Spouses: Elizabeth Golightly Watt (1841 - 1930) Martha Watt Bench Kilfoyle (1847 - 1925) Sarah Ann Harter Watt (1850 - 1932) Alice Longstroth Watt (1824 - 1909)* Children: Richard Golightly Watt (1860 - 1933)* Isabelle Golightly Watt Williams (1862 - 1902)* Alice Watt Layton (1865 - 1920)* Ermina Elizabeth Watt Roueche (1868 - 1945)* John Golightly Watt (1870 - 1948)* Mary Ann Watt McFerson (1870 - 1946)* Grace Darling Watt (1871 - 1879)* Jennet Darling Watt Stevenson (1872 - 1938)* James Arthur Watt (1873 - 1945)* Jane Watt Ellison (1875 - 1952)* Annie Watt Anderson (1875 - 1949)* Eliza Elizabeth Watt Nalder (1876 - 1963)* Julia Ann Watt (1877 - 1879)* Minervia Watt (1879 - 1880)* Ida Mariah Watt Stringham (1880 - 1967)* Rachel Watt Whitesides (1880 - 1948)*
- Calculated relationship
Burial: Kaysville City Cemetery Kaysville Davis County Utah, USA Plot: 1-40-B-1
Wikipedia Biographical Summary:
"...George Darling Watt (12 May 1812 – 24 October 1881) was the first convert to Mormonism baptized in the British Isles. As a member of The Church of Jesus Christ of Latter-day Saints (LDS Church), Watt was a secretary to Brigham Young, the primary editor of the Journal of Discourses and the primary inventor of the Deseret Alphabet.
Watt was born in Manchester, England. While living in Preston as a young man, Watt was a member of the Reverend James Fielding's congregation. Fielding's brother Joseph had joined the Latter Day Saint church in Upper Canada and had written to James about the new church. In 1837, Latter Day Saint missionaries Heber C. Kimball, Orson Hyde, Willard Richards, and Joseph Fielding traveled to Preston and were given permission by James Fielding to preach in his chapel.
Watt was baptized a Latter Day Saint on July 30, 1837 by Heber C. Kimball in the River Ribble. Watt won the right to be the first official British Latter Day Saint convert by winning a footrace against eight others from Fielding's congregation that desired to join the Mormons. In 1840 and 1841 Watt served as a Mormon missionary in Scotland. In 1842, Watt left England to join the gathering of the Latter Day Saints in Nauvoo, Illinois.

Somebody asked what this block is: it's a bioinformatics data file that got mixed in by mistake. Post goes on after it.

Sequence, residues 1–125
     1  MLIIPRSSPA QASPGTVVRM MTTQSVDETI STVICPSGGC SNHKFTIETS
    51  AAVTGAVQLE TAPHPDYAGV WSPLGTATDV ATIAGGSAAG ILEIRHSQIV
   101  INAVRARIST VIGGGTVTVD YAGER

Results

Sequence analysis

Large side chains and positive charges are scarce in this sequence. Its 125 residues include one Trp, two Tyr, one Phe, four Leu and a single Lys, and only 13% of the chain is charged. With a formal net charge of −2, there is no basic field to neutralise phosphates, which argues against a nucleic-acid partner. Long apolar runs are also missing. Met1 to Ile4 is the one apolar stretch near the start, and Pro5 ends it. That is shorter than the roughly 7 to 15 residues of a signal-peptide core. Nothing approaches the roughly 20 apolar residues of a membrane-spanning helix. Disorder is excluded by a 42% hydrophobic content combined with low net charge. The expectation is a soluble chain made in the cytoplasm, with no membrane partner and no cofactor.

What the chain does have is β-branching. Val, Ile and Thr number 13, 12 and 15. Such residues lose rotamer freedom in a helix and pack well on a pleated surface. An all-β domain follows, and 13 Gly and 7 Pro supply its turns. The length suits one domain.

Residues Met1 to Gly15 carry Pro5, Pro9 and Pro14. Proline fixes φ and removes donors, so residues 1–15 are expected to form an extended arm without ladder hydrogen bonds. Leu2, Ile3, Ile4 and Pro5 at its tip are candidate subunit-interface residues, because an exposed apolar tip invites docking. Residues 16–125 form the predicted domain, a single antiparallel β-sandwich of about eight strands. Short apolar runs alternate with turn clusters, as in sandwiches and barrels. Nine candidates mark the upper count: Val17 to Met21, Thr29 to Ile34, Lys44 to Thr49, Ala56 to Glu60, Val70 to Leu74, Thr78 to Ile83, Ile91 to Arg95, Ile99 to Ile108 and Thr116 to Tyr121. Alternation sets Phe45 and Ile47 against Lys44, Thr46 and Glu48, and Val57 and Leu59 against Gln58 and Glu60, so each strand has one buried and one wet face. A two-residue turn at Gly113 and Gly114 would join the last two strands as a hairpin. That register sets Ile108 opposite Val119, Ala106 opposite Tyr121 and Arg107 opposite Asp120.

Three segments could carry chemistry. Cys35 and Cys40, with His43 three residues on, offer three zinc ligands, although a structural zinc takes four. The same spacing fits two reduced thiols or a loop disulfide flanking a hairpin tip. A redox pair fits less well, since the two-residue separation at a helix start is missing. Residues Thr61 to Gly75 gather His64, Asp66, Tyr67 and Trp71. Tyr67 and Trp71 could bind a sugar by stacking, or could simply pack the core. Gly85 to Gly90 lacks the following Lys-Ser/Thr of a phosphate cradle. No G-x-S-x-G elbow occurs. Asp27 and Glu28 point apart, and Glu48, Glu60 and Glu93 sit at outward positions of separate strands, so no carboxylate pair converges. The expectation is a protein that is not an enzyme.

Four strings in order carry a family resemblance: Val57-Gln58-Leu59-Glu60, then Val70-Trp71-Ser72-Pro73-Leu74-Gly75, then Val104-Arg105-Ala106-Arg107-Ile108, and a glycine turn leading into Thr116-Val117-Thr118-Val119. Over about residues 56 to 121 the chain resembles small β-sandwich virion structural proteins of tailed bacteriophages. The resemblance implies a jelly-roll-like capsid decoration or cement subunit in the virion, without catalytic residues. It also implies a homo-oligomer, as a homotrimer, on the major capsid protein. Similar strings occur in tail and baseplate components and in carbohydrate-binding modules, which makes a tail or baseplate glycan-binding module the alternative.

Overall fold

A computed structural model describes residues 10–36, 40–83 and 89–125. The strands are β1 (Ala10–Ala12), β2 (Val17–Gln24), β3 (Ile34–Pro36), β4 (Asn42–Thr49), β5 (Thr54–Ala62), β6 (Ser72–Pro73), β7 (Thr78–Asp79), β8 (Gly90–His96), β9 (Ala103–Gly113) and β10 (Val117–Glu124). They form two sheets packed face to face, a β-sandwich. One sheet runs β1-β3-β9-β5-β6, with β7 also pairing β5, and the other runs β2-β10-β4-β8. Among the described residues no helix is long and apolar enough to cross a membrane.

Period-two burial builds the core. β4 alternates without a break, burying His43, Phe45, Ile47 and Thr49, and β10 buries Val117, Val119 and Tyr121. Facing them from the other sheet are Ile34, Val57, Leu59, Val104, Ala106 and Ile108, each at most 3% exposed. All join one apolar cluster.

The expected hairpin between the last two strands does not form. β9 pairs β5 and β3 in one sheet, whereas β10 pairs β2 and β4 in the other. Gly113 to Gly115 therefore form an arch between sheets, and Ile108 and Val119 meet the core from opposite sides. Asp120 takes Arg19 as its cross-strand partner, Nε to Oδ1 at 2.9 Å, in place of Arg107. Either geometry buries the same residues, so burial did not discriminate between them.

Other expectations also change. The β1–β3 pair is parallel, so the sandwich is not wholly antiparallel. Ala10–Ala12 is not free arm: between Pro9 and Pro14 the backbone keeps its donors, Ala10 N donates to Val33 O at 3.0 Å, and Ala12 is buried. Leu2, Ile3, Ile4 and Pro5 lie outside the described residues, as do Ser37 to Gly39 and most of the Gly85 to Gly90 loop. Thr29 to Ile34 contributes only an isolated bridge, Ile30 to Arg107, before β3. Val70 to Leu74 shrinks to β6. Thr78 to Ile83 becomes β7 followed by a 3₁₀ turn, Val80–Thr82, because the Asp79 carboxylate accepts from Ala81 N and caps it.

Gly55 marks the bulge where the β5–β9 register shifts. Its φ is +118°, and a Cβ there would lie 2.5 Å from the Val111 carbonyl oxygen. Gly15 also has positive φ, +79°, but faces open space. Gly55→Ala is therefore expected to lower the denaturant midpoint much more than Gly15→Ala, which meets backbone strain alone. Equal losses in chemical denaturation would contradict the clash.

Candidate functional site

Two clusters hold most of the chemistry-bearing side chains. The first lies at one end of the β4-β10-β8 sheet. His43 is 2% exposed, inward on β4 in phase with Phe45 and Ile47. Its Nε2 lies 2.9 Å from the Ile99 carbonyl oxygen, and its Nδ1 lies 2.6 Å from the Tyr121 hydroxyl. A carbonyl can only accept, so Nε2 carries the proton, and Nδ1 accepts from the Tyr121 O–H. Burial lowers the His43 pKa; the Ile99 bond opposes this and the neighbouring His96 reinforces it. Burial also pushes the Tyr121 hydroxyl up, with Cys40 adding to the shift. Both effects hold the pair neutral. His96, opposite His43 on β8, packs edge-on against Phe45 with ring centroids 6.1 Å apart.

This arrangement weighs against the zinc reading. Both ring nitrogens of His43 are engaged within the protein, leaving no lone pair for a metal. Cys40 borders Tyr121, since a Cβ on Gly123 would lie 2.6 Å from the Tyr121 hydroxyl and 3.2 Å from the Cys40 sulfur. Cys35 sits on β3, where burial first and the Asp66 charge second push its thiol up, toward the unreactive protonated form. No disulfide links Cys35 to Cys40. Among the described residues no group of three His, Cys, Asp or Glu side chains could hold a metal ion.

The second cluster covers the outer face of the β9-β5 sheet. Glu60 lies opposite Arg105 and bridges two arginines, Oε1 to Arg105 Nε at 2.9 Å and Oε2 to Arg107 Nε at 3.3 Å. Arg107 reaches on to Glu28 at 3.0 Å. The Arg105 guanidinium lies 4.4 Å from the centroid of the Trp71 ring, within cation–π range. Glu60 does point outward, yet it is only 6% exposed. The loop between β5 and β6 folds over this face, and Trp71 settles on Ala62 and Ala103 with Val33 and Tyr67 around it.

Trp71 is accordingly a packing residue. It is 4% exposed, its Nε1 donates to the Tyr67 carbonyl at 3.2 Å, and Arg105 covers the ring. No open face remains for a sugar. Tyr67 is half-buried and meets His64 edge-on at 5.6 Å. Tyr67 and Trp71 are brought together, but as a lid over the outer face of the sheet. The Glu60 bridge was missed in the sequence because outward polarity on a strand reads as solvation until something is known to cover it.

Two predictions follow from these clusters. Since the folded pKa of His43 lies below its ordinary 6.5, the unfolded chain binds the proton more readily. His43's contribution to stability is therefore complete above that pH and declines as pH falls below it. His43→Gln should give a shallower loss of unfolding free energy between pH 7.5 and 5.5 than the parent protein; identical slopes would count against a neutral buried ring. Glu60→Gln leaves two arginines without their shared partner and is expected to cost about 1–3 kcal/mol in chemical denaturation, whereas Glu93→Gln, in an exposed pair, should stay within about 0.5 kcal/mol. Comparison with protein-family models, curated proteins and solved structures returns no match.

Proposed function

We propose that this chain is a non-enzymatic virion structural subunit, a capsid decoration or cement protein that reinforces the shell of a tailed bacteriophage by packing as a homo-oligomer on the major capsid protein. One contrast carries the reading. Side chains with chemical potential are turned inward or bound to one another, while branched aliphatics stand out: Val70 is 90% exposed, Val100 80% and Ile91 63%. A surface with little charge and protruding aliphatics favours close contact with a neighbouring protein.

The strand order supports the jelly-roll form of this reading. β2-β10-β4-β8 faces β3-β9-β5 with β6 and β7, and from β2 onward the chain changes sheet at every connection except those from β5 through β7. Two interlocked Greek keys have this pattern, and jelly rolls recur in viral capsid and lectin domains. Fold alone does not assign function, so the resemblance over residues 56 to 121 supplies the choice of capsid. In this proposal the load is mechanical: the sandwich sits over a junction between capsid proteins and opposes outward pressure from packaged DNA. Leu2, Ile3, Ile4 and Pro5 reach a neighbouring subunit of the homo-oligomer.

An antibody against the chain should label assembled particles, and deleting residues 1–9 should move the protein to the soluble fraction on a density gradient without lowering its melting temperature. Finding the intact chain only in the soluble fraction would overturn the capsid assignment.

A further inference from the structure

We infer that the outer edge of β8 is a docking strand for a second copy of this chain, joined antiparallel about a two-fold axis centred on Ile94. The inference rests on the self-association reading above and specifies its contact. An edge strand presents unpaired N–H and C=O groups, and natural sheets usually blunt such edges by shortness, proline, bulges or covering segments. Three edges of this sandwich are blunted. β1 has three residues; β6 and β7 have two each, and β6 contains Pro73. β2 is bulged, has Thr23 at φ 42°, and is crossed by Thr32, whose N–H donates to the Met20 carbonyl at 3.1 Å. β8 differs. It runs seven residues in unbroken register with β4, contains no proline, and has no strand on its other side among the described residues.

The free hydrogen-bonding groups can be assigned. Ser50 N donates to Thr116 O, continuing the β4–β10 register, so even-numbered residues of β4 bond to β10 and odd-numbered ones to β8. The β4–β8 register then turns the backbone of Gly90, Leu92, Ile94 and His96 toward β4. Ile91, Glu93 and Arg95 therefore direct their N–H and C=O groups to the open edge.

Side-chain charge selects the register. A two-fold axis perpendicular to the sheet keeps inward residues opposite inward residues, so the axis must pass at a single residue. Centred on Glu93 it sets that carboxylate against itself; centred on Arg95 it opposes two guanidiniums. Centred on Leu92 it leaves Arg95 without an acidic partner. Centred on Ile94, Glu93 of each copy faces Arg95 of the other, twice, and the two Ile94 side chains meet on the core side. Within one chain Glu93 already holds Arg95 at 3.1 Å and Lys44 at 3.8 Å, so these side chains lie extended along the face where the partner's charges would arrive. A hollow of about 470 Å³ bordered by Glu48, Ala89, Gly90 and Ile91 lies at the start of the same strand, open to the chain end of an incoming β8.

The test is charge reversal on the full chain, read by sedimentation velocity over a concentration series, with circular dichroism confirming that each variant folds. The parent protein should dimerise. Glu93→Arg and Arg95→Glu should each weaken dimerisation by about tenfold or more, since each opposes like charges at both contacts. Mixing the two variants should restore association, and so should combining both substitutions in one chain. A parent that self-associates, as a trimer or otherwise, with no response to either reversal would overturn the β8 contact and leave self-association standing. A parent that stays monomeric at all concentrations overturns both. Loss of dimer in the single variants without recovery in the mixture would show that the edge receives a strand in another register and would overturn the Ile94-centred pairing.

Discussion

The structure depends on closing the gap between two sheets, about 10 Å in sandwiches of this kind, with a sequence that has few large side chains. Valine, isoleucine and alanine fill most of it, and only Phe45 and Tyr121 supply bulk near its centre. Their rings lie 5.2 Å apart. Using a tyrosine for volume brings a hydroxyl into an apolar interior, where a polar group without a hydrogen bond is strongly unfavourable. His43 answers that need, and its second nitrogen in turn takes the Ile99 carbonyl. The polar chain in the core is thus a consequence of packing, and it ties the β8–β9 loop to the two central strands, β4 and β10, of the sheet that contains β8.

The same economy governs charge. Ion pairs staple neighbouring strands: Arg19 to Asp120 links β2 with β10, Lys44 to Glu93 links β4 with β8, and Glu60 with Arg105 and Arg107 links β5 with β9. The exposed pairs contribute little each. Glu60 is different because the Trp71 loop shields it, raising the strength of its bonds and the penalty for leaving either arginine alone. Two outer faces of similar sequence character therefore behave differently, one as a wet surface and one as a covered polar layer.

In 1846, Brigham Young sent Watt and his wife back to England as church missionaries. Watt used his skill at Pitman shorthand in serving as a clerk to mission president George Q. Cannon. In late 1850, the Watts returned to America and joined the new gathering of Latter-day Saints in the Salt Lake Valley in Utah Territory.
In Utah, Watt worked as a reporter for the Deseret News and as a private clerk for Brigham Young. Using his skill as a stenographer, Watt began recording the sermons given by Young and other LDS Church leaders. Beginning in 1853, Watt published these sermons in a periodical known as the Journal of Discourses. Watt remained the primary editor of the Journal until 1868.
In 1852, Watt was appointed by Young to a committee that was charged with creating a new phonetic alphabet that would assist non-English speaking Latter-day Saint immigrants learn English. The result was the Deseret Alphabet. Although the alphabet was largely a failure, Watt remained a strong promoter of the language system.
In 1869, Watt was disfellowshipped from the LDS Church for following the teachings of dissident William S. Godbe. Watt was identified as one of the leaders of the "Godbeites" and was disciplined by the Quorum of the Twelve Apostles. Although Watt was initially repentant and desired to return to full fellowship in the LDS Church, by 1874 he was a devoted Godbeite and was excommunicated from the LDS Church on May 3, 1874.
Later, Watt tried to return to the LDS Church. Four times he attempted to rejoin the church but was denied because his beliefs differed from those of the LDS Church.
Watt died in Kaysville, Utah at the age of 65, estranged from the LDS Church and its leaders. Watt's obituary describes him as
...honest truthful and sincere although perhaps misguided being a self made man of strong character and exercising vast influence there is not a little in his career which is remarkable..."
George Darling Watt's Timeline
June 21, 1812
Manchester, Lancashire, England, United Kingdom
January 15, 1815
Manchester, Lancashire, England
February 20, 1879
Kaysville, Davis, Utah, United States
October 24, 1881
Kaysville, Davis, Utah, United States
October 26, 1881
Kaysville, Davis, Utah, United States